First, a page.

It is very difficult, extremely so, to deny your body cravings while thru-hiking, exponentially so when you are in a town. To continue down the path ahead of you, whether it is 100 miles, 1000 miles, 2000 miles, or 5000, you have to begin to pick your battles. Hikers begin to rationalize why they can eat, drink, consume the way they wish while in a town. Ourselves are extremely guilty of this as well. There were many times we would continue to consume until our bodies were uncomfortably bloated, full, and teetering upon the precipice of a sugar coma. Yet, that is what our body not only requested but blatantly screamed at us to provide, so who were we to say no, when we were asking continual output and brutality from it day after day, month after month.


Looking back it may have been just feeding our internal sugar demon. Now that we have had distance from it for awhile, we can feel and hear the echoes of our now suppressed sugar fiend rattling the bars of its cage, as it remembered a time it was fully free. We thought in the moment we were in control and we were fueling and giving our bodies a extra booster shot to increase our ability to hike, and hike hard. Yet, it did not actually increase our ability to hike, but decreased it exponentially.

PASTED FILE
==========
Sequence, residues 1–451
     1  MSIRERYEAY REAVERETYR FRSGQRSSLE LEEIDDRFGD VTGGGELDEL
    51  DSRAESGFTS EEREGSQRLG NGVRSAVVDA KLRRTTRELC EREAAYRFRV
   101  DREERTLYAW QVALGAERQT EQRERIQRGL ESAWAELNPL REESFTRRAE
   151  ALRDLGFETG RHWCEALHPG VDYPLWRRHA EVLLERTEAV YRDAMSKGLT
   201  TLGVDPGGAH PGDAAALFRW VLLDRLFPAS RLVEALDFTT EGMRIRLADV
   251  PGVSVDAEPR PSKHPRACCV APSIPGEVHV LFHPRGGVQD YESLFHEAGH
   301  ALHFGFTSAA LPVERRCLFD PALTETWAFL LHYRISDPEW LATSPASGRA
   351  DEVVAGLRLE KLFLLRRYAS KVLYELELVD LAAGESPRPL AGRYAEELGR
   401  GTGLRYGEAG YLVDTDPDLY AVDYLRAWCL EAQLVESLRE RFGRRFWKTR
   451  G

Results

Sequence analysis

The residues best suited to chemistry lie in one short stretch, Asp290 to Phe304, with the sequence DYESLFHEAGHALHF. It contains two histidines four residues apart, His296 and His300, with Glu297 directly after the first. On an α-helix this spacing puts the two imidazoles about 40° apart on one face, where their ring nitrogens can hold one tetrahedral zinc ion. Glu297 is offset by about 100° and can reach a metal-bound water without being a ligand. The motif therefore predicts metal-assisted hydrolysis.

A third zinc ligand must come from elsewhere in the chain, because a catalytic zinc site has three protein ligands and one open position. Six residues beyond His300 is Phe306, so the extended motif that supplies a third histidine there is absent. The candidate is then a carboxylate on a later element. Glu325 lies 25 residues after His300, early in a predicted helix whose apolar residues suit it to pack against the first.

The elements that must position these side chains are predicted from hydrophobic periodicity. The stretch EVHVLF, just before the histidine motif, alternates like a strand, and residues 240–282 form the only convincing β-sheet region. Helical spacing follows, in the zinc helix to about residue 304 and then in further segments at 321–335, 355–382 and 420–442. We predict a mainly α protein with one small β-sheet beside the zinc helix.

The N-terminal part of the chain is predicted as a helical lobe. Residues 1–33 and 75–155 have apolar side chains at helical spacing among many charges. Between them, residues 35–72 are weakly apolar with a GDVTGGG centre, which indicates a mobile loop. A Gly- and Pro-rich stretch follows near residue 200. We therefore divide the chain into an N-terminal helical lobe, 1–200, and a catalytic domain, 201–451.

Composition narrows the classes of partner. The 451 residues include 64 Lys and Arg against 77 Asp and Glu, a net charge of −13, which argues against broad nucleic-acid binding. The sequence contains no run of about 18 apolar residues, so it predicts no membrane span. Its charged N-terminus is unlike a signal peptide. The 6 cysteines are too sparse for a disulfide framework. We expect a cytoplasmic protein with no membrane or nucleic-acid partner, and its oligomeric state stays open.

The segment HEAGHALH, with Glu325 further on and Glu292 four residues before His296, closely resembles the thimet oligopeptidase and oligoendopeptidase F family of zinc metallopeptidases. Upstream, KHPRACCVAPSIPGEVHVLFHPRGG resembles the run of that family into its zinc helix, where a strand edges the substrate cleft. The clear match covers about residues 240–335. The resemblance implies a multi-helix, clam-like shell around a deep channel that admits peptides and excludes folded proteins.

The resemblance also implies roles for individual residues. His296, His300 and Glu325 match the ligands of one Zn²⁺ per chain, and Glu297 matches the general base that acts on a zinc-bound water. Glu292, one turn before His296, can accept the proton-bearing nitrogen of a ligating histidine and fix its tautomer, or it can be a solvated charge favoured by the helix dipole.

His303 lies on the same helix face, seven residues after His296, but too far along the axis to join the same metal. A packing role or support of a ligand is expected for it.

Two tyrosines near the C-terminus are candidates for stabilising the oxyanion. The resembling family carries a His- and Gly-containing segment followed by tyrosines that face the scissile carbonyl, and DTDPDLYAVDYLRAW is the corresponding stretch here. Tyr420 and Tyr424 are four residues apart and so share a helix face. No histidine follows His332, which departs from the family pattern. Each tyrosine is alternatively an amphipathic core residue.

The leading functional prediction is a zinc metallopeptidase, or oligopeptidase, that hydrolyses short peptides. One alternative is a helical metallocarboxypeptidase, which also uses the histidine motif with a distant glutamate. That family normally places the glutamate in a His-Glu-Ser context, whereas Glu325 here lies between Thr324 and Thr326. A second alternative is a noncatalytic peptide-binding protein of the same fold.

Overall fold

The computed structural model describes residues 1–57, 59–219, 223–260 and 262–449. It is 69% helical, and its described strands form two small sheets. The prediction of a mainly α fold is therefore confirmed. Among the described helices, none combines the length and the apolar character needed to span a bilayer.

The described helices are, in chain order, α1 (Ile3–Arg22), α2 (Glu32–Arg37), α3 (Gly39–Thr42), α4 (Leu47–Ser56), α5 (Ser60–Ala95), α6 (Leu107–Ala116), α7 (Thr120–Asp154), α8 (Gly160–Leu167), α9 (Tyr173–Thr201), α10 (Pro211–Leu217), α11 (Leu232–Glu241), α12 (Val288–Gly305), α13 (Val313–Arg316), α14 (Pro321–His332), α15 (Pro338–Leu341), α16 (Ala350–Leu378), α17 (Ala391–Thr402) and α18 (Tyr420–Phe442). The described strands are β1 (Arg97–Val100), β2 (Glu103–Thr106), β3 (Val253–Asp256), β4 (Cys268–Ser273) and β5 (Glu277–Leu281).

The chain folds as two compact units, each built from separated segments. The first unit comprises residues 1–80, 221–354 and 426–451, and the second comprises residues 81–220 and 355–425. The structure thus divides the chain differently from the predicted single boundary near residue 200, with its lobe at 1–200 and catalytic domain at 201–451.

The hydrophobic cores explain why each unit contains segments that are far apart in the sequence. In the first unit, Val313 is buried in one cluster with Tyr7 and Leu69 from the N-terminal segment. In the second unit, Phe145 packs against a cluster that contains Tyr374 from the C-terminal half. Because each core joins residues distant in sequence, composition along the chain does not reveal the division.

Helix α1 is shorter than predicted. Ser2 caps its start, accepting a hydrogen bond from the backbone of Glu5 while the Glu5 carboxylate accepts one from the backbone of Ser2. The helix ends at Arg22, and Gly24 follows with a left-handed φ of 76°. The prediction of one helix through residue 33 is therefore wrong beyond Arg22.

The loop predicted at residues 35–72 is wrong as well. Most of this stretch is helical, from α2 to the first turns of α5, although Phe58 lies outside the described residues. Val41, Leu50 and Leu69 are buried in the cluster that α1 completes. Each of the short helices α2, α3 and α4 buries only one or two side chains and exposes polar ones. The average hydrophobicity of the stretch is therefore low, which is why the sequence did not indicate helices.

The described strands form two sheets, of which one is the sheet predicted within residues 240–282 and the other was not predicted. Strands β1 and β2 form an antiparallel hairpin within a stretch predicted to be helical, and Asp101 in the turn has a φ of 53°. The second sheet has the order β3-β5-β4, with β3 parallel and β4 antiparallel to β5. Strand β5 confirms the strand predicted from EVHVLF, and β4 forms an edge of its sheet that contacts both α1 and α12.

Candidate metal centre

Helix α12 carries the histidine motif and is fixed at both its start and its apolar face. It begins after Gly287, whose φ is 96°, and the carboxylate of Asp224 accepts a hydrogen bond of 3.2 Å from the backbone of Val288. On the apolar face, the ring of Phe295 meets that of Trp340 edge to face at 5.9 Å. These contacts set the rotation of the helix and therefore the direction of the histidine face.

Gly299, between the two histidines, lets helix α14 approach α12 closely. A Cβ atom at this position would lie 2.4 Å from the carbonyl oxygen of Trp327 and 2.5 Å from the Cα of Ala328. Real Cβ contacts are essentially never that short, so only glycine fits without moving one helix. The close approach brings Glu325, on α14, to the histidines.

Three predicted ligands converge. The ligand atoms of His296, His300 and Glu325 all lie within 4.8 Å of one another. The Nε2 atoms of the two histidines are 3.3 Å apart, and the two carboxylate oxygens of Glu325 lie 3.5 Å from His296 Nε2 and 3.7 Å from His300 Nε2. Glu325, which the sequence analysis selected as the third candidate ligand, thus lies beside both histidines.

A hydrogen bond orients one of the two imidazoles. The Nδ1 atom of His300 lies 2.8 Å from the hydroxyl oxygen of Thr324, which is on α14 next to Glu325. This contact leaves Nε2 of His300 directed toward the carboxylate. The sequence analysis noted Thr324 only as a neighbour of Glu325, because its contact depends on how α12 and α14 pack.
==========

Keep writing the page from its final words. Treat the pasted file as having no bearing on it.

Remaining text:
Cookies, soda, Gatorade, and the sugary sweet Magpie, I have a tooth ache just looking at this...

 

After a gorging day in town of sugar, food, more sugar, and then pounds upon pounds of sugar on top, we would feel weak, tired, sluggish. After the initial energy of the sugar subsided it would leave us hollow of nutrients and aching for more sugar. It would be a quick burn accomplishing very little besides internal and instantaneous gratification. Was the instantaneous gratification what we needed to finish our hike? Was a small pleasure worth the effects it was having on our body?


Honestly, we are still a little conflicted on how to answer this. As our article a week ago talked of deprivation, a thru-hike is truly a habitual act of deprivation day after day. The small, the "inconsequential" and something as simple as a can of soda pop can fuel your mind for days. Fantasizing about the cold crispness of that first sip, dreaming of sitting down relaxing in the sun, imagining a moment in time we were not in perpetual motion. To not have something to fuel your internal mind, it would be a bleak existence indeed, even if that internal fuel was a simple can of sugar. So, to answer this question we still deeply believe yes, but that yes is not unconditional, it is a yes with a clause inside of it. It is a yes but a yes with a degree of caution.